‘the reflex motion of his eyebrows revealed his surprise’; ‘movement is a sign of life’; ‘an impatient move of his hand’; ‘gastrointestinal motility’;

Motionnoun

a state of change;

‘they were in a state of steady motion’;

Motionnoun

a formal proposal for action made to a deliberative assembly for discussion and vote;

‘he made a motion to adjourn’; ‘she called for the question’;

Motionnoun

the act of changing location from one place to another;

‘police controlled the motion of the crowd’; ‘the movement of people from the farms to the cities’; ‘his move put him directly in my path’;

Motionnoun

an optical illusion of motion produced by viewing a rapid succession of still pictures of a moving object;

‘the cinema relies on apparent motion’; ‘the succession of flashing lights gave an illusion of movement’;

Motionverb

show, express or direct through movement;

‘He gestured his desire to leave’;

Motionnoun

the action or process of moving or being moved

‘a cushioned shoe that doesn't restrict motion’; ‘the laws of planetary motion’;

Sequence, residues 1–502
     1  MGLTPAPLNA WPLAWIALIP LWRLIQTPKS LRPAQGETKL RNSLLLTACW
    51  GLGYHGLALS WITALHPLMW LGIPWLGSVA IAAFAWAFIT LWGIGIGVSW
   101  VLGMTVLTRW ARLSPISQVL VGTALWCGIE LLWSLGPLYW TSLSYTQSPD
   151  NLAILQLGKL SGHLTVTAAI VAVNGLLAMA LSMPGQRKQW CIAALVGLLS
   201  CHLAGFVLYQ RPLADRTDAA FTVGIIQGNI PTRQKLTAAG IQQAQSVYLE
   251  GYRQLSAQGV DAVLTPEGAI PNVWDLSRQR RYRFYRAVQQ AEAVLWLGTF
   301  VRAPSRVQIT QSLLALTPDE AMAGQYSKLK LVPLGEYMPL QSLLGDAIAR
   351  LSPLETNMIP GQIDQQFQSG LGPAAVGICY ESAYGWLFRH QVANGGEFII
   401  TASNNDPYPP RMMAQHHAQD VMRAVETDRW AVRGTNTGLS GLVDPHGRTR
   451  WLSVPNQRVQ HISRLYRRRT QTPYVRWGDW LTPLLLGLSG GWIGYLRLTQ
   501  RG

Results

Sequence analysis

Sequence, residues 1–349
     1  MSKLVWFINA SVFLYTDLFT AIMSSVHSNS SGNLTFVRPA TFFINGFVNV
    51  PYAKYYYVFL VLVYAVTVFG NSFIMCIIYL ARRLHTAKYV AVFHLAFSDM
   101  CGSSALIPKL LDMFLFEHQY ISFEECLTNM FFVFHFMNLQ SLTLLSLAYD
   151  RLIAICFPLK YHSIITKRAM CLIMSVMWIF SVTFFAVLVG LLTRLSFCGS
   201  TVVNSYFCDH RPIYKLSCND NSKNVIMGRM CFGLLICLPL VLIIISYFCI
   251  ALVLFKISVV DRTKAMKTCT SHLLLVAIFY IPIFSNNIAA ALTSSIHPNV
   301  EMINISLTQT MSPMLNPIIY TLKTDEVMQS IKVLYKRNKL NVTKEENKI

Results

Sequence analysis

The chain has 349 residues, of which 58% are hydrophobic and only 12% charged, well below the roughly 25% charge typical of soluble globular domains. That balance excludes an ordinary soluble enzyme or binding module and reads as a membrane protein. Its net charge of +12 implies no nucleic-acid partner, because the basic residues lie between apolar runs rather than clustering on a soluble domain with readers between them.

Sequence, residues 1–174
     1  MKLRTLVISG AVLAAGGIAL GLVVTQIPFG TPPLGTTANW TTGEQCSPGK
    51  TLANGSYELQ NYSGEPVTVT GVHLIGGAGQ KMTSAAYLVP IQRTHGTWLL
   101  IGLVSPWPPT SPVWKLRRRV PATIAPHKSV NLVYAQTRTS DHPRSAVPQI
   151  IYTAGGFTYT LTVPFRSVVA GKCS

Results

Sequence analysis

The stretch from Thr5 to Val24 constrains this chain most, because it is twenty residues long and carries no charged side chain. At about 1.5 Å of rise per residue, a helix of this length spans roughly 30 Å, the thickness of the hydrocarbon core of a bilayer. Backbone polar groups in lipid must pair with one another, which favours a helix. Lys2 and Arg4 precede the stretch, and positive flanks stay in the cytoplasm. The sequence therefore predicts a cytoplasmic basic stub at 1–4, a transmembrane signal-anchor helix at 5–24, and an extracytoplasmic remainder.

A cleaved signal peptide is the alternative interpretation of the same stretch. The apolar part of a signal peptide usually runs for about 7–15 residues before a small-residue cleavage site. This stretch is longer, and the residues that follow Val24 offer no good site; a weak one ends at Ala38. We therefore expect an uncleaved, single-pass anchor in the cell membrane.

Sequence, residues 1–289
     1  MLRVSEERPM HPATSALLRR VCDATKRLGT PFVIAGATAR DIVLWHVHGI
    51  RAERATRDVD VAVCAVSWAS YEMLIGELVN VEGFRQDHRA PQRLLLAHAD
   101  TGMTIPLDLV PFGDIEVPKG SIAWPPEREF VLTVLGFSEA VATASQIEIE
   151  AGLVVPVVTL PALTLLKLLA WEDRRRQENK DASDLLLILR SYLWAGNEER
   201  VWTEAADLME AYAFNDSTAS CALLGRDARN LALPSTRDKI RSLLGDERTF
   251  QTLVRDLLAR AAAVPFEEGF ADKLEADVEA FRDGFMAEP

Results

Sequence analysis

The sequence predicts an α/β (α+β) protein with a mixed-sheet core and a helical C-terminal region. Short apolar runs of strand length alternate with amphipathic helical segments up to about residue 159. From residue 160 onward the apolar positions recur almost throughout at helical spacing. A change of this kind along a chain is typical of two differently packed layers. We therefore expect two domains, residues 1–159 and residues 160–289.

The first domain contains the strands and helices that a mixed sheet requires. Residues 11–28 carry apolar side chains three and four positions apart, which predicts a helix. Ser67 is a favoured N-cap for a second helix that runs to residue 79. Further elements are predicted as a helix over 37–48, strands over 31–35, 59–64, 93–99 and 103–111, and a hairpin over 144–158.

Motionnoun

a gesture

‘she made a motion with her free hand’;

Motionnoun

a piece of moving mechanism

‘the earliest engines had the Gresley conjugated motion for the middle cylinder’;

Motionnoun

a formal proposal put to a legislature or committee

‘opposition parties tabled a no-confidence motion’;

Motionnoun

an application for a rule or order of court

‘often the defendant contributes to the length of proceedings by filing many procedural motions’;

Motionnoun

an evacuation of the bowels

‘73% of the patients had fewer than three bowel motions a day’; ‘her mother put on her nappy for her to pass a motion’;

Motionverb

direct or command (someone) with a movement of the hand or head

‘he motioned Dennis to a plush chair’; ‘he motioned the young officer to sit down’;

Motionverb

propose for discussion and resolution at a meeting or legislative assembly

‘a resolution, motioned by Adam Tyler, proposed that members without a CCL could still belong to the association’; ‘Councillor Byrne motioned that the committee call on the area manager to install street lighting’;

Motion

In physics, motion is the phenomenon in which an object changes its position over time. Motion is mathematically described in terms of displacement, distance, velocity, acceleration, speed, and time.